I received the email below last night. It’s certainly apropos to my recent post about the aftermath of the “Gay Wars.” Its subject line was “Thank you for being sane.”
I’ve read your blog for a long time, recommended it to many others invested in the whole LGBT/Christian thing, and have found it to be a rare fairy bubble of sanity in an increasingly ridiculous culture. I’ve found it to be both encouraging and maddening at times. It is comforting to know that there are some compassionate Christians out there in the world. But it’s also discouraging to so rarely experience it in real life.
I’m a 29-year-old biracial, transgender/lesbian, Southern Baptist-raised atheist (the hate crime trifecta!) currently living in [a fairly large Midwestern city]. I grew up in a deeply conservative environment, and moved to [this city] several years ago, which is actually a fairly liberal place, given that it’s in [the state it is].
I know that the Christian blogosphere is tired of the whole LGBT debate, and that many Christians have even accepted that on a federal level LGBT equality is inevitable. Unfortunately, the LGBT debate has really been more of the “LG…B…what?” debate: to most people, trans-identified people are still Evil Satanic Marxist Nazi Gestapo Hitler Nazis. You just don’t hear much from the T part of the community, so I thought I might share a little bit.
Yesterday a proposed bill to add sexual orientation and gender identity to the local non-discrimination laws regarding employment and housing was being read (not actually voted on) at our City Hall. Interested in hearing about it, I went to the City Hall to attend the reading, but wasn’t allowed inside since it was already full to capacity. Quite a crowd of protestors (for and against the bill) was gathering outside. I am a bit of a people watcher, so I decided to walk around and listen in on people’s conversations.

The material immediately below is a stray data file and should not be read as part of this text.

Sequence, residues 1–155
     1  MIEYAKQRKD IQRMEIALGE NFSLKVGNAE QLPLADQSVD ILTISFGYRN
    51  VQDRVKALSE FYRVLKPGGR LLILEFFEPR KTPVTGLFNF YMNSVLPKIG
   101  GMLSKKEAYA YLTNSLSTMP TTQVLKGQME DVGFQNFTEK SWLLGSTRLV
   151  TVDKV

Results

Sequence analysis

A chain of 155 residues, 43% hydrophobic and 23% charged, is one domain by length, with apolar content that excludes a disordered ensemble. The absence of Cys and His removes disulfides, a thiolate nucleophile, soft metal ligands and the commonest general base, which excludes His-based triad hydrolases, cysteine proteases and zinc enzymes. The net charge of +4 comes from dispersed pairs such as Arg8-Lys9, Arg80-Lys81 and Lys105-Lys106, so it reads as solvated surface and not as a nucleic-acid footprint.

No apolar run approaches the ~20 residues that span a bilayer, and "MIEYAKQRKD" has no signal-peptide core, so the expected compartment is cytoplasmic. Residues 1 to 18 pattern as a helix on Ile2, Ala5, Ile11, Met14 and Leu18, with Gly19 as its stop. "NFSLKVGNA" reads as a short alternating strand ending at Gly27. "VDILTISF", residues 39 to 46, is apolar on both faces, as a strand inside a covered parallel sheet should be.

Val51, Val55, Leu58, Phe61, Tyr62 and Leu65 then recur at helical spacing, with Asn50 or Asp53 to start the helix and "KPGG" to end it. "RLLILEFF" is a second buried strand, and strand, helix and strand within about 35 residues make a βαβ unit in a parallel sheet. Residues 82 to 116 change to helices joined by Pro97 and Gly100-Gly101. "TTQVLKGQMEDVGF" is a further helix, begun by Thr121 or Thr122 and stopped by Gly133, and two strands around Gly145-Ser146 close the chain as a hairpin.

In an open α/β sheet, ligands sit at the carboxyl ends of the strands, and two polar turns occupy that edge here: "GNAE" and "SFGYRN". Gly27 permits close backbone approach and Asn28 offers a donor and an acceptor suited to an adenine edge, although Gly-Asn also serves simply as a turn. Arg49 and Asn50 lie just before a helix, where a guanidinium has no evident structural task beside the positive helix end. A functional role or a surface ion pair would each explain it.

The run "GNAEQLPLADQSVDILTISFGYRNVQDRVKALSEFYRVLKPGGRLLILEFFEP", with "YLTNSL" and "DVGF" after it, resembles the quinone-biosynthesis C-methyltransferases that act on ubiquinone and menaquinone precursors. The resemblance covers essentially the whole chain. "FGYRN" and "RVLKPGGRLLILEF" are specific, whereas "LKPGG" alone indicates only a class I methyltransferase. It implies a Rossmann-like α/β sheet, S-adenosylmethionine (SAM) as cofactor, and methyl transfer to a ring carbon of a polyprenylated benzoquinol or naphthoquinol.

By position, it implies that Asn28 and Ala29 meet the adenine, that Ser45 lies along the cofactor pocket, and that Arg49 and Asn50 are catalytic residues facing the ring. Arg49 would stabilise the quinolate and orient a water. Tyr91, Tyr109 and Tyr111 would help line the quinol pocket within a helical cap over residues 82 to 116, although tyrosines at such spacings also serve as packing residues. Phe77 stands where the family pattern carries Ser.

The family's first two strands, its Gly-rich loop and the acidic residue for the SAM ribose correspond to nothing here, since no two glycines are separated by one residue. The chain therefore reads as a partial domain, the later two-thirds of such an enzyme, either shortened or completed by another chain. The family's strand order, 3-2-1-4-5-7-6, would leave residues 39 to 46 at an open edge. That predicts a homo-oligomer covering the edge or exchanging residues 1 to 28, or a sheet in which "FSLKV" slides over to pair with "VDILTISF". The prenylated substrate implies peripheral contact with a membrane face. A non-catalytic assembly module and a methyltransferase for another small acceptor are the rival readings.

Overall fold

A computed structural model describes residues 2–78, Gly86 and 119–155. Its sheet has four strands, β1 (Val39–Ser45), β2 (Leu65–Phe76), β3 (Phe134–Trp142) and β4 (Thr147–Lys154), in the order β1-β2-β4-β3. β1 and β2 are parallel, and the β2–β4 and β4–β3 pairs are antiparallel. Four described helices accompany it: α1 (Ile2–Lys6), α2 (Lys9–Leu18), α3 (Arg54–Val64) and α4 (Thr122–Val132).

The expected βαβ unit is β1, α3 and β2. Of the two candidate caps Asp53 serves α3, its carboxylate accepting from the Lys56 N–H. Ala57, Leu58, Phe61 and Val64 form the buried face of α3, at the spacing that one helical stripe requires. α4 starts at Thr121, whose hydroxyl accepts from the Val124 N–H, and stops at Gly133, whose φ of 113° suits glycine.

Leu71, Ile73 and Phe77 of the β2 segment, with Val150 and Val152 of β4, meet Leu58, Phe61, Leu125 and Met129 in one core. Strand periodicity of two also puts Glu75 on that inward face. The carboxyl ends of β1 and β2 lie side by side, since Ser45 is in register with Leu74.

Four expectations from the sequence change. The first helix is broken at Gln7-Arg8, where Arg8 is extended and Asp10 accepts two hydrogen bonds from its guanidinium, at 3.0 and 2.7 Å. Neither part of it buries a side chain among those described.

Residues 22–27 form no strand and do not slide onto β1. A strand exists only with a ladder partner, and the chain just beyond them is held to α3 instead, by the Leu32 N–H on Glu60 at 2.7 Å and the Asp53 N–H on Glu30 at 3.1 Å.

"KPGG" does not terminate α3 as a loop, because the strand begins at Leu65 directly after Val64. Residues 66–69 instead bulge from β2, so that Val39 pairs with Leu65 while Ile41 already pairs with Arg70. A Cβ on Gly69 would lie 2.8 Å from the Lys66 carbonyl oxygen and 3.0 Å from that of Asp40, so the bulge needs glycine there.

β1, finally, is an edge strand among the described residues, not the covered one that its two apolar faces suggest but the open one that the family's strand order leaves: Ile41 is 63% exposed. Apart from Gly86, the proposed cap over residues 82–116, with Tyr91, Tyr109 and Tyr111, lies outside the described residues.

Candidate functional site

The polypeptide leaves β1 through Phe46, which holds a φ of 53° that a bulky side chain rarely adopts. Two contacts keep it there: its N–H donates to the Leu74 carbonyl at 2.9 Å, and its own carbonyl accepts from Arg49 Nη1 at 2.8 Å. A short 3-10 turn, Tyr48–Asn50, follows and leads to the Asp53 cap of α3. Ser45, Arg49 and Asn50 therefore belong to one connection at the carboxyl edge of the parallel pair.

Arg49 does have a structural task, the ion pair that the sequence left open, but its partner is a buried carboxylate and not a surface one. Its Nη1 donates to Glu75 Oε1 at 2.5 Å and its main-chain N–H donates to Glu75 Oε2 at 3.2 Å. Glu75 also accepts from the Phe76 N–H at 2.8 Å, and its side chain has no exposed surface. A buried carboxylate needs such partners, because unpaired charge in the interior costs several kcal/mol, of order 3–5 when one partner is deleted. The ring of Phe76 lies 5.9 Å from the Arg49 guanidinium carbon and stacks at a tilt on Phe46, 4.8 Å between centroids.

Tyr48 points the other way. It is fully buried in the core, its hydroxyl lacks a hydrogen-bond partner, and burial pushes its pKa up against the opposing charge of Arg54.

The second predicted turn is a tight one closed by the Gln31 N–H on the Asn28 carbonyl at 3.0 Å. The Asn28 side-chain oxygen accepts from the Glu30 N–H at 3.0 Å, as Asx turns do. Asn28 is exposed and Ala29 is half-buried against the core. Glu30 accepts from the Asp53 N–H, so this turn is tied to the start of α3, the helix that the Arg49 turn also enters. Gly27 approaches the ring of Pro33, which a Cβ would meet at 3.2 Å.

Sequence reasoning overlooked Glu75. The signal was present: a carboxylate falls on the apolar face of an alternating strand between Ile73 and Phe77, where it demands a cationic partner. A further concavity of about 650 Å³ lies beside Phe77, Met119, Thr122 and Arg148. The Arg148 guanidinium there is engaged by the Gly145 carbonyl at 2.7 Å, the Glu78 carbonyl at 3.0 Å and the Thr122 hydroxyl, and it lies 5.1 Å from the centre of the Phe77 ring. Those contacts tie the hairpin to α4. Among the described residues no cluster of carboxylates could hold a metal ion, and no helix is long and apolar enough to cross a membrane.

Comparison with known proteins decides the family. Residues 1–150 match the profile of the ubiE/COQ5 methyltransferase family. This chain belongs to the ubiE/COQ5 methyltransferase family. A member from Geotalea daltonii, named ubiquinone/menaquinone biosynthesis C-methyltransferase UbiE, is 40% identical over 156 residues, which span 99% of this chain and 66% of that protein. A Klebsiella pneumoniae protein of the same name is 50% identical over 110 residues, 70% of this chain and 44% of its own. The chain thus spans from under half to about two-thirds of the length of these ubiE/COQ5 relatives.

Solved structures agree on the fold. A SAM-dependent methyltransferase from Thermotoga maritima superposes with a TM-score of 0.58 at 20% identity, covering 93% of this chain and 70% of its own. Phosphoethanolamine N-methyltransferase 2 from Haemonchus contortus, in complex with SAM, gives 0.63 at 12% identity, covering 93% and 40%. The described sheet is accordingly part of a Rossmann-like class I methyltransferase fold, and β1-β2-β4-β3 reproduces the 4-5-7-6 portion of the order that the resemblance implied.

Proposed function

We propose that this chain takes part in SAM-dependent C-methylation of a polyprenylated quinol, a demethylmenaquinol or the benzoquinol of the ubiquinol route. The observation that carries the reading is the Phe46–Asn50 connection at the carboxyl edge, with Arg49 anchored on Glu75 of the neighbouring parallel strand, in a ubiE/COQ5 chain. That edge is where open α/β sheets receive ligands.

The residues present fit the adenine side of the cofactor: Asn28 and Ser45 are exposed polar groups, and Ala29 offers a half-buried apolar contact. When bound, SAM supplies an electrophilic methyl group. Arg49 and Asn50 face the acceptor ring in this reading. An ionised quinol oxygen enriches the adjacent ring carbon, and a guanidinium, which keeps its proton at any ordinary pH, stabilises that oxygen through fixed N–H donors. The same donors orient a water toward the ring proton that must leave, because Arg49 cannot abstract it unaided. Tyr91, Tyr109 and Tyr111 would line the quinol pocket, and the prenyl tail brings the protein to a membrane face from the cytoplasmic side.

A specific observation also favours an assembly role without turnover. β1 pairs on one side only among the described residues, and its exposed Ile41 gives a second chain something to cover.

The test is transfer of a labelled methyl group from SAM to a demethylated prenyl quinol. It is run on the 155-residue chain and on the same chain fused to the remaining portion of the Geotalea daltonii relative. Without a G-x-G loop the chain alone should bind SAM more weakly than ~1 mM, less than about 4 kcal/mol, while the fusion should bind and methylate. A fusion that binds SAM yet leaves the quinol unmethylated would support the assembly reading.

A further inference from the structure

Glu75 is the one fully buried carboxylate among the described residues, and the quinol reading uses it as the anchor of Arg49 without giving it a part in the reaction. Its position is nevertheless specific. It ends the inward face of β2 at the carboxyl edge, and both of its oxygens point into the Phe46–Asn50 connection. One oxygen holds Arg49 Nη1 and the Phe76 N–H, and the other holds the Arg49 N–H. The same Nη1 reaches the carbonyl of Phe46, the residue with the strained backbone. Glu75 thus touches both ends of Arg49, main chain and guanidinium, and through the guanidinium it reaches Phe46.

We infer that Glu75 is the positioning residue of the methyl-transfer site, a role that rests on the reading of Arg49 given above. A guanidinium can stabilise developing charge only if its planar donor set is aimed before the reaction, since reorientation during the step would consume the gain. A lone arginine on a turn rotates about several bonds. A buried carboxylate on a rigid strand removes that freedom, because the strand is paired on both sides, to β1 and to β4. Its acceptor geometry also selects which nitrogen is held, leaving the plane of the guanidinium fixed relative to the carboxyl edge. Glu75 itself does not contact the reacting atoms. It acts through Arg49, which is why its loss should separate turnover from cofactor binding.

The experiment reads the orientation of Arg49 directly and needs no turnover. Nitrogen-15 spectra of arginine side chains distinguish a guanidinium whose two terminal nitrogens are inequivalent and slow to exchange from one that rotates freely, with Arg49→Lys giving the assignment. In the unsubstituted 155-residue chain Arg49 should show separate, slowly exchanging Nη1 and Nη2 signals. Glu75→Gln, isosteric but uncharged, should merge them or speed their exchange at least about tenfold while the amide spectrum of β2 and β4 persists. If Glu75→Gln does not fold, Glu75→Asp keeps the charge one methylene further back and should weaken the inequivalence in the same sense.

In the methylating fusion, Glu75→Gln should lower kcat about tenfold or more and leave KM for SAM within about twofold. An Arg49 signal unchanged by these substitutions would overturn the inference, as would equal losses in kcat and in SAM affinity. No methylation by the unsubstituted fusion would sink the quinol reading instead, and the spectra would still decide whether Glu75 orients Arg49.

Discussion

Most of what I overheard was completely ridiculous and expected. I was there for less than 15-minutes before I heard “Nazis” and “Holocaust” being tossed around. Here’s a pic I took of my favorite sign:
Though I pass as cisgender [where an individual’s gender identity matches the behavior or role considered appropriate for one’s sex], I definitely don’t pass as being straight—so I myself was the subject of a lot of conversation, including many “dyke,” “faggot,” and “abomination” chants. I eventually did get sucked into some conversations, like the one that began when I saw one unfortunate person being cornered by a group of Christian protestors. Things got a bit heated at times. But no one got shot or beat-up. I was actually pleasantly surprised that some people were willing to listen to some of what I had to say.
Despite slurs being yelled at me, being accused of sexually assaulting children, and otherwise being generally degraded for some three hours, the one thing I cannot get over is the conversation I had with one particular woman, by far the nicest, most civil person there. She listened to some of my story, and then said that while she disagrees with “the gay lifestyle,” she doesn’t hate LGBT people, and thought that it was horrible that I have experienced some of the things that I have. At one point I had to stop her, and say “I literally cannot hear what you are saying right now over this guy behind me yelling ‘ABOMINATION!!!!’ in my ear.”